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What Happens to Property in a Chapter Bankruptcy Case

Chapter 7 bankruptcy is a fresh start bankruptcy. A person lists all of his debts in a bankruptcy petition which is filed with the U.S. Bankruptcy Clerk. A typical Chapter 7 debtor receives a fresh start in that many of the debts in a Chapter 7 bankruptcy case are eliminated. There are exceptions to this general scenario which I will explain in greater detail later.

Chapter 7 is basically for a person who does not have significant assets and who is strapped with an overburdening amount of unsecured debts. Unsecured debts are debts that are not secured by some form of property. These commonly include debts from credit cards, medical bills, personal loans, utilities, auto deficiencies as a result of a repossessed auto and rental deficiencies among others. Since there is no property or security attached to those debts, the debt is easily eliminated in a Chapter 7 bankruptcy case.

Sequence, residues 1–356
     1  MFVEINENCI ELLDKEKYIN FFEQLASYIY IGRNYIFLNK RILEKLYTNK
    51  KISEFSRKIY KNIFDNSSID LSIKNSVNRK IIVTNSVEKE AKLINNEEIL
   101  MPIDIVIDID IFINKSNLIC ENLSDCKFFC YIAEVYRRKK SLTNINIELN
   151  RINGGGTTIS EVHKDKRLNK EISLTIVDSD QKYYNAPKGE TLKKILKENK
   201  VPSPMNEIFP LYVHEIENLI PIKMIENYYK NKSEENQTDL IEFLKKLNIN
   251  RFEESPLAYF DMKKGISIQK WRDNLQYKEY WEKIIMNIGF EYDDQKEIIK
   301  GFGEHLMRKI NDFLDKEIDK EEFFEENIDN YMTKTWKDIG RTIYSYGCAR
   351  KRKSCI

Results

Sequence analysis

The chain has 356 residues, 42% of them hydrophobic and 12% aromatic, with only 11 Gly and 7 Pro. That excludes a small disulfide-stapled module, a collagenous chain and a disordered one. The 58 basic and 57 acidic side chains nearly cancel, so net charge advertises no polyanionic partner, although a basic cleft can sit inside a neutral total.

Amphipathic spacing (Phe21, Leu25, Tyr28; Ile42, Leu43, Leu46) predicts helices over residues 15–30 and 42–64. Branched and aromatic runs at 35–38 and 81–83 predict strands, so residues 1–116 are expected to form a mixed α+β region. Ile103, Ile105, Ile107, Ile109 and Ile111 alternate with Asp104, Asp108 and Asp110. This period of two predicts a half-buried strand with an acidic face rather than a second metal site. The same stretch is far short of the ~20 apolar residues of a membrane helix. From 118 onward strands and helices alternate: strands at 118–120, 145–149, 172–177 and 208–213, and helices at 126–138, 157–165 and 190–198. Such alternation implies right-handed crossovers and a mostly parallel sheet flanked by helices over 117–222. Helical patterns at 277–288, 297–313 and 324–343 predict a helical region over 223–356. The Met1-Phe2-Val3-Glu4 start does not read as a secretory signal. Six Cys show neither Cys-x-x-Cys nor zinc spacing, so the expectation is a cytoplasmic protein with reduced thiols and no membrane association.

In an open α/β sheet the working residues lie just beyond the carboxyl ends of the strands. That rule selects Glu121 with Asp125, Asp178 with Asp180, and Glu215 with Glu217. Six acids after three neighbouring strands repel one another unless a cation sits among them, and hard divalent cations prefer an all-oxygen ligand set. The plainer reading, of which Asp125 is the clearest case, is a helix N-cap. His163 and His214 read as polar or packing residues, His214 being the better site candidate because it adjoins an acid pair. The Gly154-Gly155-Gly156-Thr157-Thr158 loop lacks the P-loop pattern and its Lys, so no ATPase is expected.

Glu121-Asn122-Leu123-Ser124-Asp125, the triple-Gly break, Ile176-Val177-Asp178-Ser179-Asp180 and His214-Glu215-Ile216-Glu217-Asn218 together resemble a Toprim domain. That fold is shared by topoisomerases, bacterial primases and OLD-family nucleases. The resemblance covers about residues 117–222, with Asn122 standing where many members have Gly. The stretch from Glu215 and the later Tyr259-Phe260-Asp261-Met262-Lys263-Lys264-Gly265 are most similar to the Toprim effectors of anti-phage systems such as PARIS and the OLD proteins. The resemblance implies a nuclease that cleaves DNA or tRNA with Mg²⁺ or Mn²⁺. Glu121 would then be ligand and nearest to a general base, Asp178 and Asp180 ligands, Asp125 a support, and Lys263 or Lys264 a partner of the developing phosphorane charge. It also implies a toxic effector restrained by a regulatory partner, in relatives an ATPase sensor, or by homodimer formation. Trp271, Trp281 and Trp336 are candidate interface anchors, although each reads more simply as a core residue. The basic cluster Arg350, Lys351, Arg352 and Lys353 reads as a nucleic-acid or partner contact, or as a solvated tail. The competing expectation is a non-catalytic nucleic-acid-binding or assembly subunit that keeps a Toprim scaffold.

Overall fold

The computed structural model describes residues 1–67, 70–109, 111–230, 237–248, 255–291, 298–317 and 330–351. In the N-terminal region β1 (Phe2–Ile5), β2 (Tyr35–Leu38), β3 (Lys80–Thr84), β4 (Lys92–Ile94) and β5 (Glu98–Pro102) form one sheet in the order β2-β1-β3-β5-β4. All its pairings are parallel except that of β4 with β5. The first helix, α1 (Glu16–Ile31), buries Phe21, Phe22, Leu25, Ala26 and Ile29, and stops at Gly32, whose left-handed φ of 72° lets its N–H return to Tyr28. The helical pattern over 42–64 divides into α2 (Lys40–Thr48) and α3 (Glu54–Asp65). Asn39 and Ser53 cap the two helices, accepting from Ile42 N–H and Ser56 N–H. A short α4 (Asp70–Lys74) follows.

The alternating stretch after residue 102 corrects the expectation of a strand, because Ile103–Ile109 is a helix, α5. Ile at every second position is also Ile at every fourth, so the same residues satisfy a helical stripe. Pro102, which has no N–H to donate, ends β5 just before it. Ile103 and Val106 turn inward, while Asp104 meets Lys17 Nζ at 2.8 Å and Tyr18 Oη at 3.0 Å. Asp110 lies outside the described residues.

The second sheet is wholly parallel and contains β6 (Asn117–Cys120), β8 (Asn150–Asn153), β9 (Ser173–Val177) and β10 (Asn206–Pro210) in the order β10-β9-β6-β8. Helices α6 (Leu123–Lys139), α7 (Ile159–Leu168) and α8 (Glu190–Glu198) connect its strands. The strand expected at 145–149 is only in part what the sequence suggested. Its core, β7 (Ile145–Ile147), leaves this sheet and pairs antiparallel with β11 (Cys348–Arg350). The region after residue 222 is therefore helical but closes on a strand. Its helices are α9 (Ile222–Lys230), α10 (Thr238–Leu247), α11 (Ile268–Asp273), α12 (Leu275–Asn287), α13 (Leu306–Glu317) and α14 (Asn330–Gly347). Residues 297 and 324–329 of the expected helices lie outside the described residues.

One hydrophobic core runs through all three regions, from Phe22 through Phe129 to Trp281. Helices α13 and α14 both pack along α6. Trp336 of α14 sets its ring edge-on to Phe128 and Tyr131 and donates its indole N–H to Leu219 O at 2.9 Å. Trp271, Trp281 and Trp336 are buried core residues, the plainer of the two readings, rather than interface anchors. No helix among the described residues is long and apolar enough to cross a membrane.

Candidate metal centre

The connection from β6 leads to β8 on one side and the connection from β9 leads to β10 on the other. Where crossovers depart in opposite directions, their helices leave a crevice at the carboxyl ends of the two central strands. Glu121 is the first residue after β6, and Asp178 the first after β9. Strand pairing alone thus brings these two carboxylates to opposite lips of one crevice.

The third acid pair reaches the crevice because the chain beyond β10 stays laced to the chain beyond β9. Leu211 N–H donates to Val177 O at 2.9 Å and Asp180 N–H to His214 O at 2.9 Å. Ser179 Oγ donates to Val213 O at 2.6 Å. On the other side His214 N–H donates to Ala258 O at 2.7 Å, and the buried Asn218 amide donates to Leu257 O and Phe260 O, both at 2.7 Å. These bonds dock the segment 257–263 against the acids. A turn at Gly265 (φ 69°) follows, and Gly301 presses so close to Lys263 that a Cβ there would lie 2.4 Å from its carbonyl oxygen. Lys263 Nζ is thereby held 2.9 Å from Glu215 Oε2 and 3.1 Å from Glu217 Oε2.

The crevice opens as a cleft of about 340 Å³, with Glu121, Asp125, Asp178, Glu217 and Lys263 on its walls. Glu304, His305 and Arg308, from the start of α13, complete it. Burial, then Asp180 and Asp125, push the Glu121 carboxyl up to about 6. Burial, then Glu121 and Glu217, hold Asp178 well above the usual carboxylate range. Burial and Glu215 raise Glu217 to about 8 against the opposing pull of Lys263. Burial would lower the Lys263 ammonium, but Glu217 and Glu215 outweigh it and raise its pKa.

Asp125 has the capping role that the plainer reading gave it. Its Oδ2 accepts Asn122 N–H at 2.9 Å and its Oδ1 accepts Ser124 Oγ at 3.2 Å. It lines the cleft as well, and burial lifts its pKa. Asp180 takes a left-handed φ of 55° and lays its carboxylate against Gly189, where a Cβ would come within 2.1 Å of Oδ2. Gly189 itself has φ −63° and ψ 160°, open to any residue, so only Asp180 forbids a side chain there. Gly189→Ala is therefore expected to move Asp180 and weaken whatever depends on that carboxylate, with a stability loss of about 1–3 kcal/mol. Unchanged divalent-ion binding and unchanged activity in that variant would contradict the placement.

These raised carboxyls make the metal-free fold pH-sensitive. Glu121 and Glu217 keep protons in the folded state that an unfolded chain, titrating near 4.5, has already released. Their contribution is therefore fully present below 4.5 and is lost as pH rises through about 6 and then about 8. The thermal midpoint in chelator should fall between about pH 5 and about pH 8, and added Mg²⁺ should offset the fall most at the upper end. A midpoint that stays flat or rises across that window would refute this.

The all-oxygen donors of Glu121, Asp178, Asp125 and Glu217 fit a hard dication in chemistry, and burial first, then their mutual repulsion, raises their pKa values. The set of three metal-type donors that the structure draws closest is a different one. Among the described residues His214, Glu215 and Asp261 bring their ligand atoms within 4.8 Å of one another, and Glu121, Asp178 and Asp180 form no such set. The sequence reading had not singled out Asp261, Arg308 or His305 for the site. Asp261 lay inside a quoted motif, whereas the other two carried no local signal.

Debts that are secured by property such as houses and cars are treated differently in a Chapter 7 bankruptcy case. Those debts must continue to be paid if the debtor wishes to keep the properties. Options with regard to secured property: The debtor can simply continue to make the contracted payment, on time, just as he did before he filed for bankruptcy relief.

This act of continuing to pay on a debt is known as reaffirming a debt. By reaffirming on a debt, the debtor re-obligates himself on the loan. Another option would be to surrender the property and eliminate the underlying debt.

The third option would be to redeem the property secured by the creditor. The act of redemption involves making a lump sum payment for the market value of the property. Since a debtor rarely has the ability to make such a payment, the redemption option is really not invoked all that often. The final option with regard to secured debt is to continue to make voluntary payments on the property. This is sometimes known as the fourth option; however, this option only exists in certain states. This option does not exist with regard to purchase money security interests.